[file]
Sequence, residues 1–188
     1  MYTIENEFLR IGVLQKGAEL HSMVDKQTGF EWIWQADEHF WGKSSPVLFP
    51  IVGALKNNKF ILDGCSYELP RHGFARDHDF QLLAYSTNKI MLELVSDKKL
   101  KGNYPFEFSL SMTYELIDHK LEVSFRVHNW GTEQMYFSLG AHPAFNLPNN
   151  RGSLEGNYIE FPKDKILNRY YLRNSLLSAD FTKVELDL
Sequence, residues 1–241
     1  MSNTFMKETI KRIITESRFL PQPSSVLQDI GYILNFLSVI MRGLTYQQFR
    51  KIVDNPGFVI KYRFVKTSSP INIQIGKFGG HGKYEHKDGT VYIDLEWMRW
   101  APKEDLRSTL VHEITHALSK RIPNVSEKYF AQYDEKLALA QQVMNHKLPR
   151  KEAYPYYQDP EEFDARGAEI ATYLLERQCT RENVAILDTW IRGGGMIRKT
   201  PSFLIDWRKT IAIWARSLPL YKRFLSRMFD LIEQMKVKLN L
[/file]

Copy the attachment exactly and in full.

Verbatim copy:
Sequence, residues 1–188
     1  MYTIENEFLR IGVLQKGAEL HSMVDKQTGF EWIWQADEHF WGKSSPVLFP
    51  IVGALKNNKF ILDGCSYELP RHGFARDHDF QLLAYSTNKI MLELVSDKKL
   101  KGNYPFEFSL SMTYELIDHK LEVSFRVHNW GTEQMYFSLG AHPAFNLPNN
   151  RGSLEGNYIE FPKDKILNRY YLRNSLLSAD FTKVELDL
Sequence, residues 1–241
     1  MSNTFMKETI KRIITESRFL PQPSSVLQDI GYILNFLSVI MRGLTYQQFR
    51  KIVDNPGFVI KYRFVKTSSP INIQIGKFGG HGKYEHKDGT VYIDLEWMRW
   101  APKEDLRSTL VHEITHALSK RIPNVSEKYF AQYDEKLALA QQVMNHKLPR
   151  KEAYPYYQDP EEFDARGAEI ATYLLERQCT RENVAILDTW IRGGGMIRKT
   201  PSFLIDWRKT IAIWARSLPL YKRFLSRMFD LIEQMKVKLN L